No money, no panic, but only just

While we are using less cash we are increasingly dependent on cash machines as bank branches reduce their hours or have closed during the pandemic.

Only 6% of payments are made in cash nowadays but it is useful to have a few folding plastic notes to hand for tips or taxis.

Down to my last £20 I stopped at the machine outside my local supermarket. Card was accepted, so was the personal identification number. I opted for cash with receipt and the machine whirred, and whirred. A queue formed behind me – at a social distance – and the man at the front of it asked me if it had swallowed my card. At that point the card was spat out, but no money or receipt followed.

I asked the man to watch to see if money finally came out and to take it to the supermarket’s customer service desk.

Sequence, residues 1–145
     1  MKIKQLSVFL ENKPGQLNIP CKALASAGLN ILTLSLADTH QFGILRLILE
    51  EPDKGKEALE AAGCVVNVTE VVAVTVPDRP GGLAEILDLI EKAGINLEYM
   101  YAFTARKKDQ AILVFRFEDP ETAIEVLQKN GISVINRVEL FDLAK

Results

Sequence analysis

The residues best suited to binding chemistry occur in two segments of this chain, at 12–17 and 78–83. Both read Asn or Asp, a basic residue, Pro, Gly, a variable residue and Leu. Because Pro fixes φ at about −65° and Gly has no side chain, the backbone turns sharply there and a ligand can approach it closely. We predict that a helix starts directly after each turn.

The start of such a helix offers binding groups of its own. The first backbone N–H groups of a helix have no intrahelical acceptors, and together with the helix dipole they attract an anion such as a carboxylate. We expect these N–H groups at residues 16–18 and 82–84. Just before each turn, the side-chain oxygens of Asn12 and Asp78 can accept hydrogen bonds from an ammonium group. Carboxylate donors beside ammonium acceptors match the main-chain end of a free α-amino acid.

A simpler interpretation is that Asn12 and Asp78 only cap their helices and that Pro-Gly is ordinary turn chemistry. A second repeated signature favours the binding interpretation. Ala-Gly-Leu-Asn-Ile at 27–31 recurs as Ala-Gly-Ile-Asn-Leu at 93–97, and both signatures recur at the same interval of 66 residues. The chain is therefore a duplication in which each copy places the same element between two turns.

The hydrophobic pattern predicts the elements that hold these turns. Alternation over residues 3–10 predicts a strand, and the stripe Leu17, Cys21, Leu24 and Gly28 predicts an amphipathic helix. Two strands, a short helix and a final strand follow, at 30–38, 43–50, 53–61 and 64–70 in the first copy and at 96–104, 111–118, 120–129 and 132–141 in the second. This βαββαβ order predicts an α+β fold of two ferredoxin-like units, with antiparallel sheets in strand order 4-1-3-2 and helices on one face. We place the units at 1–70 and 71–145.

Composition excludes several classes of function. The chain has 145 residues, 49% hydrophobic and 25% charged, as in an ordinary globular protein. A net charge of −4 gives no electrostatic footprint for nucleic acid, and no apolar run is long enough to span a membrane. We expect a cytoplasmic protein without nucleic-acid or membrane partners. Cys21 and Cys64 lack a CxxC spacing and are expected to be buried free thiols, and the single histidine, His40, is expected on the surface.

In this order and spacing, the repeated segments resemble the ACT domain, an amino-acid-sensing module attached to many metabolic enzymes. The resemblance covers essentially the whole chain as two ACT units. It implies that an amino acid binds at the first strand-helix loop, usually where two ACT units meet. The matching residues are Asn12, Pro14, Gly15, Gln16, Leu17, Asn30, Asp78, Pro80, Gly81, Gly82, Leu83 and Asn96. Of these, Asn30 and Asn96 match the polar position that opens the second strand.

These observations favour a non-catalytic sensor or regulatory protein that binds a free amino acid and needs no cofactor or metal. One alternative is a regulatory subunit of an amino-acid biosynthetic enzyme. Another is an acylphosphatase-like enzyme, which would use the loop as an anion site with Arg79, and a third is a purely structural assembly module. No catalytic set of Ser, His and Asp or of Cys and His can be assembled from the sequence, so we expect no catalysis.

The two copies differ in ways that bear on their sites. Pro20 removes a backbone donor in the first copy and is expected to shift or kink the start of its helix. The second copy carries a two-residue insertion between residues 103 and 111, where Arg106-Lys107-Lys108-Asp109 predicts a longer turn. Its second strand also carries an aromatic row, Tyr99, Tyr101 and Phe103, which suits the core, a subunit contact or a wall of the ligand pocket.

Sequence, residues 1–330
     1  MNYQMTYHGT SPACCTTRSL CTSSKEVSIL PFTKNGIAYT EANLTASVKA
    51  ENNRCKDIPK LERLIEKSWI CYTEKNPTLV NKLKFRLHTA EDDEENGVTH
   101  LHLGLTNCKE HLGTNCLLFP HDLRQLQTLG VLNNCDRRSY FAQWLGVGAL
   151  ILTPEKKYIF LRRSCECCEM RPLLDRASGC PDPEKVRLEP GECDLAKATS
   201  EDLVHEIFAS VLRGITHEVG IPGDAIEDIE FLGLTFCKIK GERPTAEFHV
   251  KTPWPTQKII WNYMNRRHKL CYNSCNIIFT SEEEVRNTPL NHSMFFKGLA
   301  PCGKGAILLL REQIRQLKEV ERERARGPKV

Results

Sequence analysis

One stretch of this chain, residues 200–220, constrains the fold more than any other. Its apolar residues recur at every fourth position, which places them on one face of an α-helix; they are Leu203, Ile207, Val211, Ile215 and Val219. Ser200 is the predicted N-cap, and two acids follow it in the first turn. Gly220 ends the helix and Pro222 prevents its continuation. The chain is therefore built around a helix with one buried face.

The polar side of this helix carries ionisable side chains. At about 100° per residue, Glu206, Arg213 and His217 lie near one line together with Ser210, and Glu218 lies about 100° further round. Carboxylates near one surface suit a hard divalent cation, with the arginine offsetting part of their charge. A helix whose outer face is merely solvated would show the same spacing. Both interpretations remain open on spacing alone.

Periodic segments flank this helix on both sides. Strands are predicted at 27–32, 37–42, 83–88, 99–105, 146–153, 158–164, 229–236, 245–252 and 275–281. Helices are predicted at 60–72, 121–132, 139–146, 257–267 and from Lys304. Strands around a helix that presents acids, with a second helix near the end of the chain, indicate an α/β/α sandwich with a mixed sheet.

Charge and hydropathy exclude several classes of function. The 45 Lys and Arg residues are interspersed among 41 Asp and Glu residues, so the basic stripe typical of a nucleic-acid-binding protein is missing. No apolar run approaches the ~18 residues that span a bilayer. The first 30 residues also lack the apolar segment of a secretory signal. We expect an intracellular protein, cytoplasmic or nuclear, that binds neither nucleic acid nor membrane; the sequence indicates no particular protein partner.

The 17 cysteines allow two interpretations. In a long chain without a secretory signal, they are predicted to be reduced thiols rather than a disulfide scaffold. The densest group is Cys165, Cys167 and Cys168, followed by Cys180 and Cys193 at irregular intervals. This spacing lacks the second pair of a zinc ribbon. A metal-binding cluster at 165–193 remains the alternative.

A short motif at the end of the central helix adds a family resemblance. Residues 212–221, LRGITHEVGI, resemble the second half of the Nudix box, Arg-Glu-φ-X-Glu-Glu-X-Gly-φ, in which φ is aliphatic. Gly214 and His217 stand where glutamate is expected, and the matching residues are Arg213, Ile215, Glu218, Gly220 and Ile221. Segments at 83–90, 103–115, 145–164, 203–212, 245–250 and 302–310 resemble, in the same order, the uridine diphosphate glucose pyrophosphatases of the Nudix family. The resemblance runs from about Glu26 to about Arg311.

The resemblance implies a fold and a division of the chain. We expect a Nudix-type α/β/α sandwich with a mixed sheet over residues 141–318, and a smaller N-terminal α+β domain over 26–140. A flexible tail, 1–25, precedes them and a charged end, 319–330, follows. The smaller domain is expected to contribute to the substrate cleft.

The customer service desk was anything but. The cash machine was nothing to do with them. “No” they could not make a note that I had reported that my money had not been paid. I should go to my bank.

I knew it would be closed and was the other side of town so I went home without any cash to check my bank account. Had my account been emptied by a fraudster? Was there something suspicious about my request? No invoice or slip to tell me why?

The bank account showed that £200 had been withdrawn that morning but was later returned. No explanation as to why? Much relief, no thanks to the supermarket.

The following day I tried again at the same machine and this time it provided the money I needed. No need to panic, but no one to explain what had happened. The card worked without having to telephone the bank’s helpline, but will never be trusted again.

I was glad that I had online banking as calls to the bank take many minutes to be answered. I will also add a banking app to my mobile so that if it happens again I can check straightaway.

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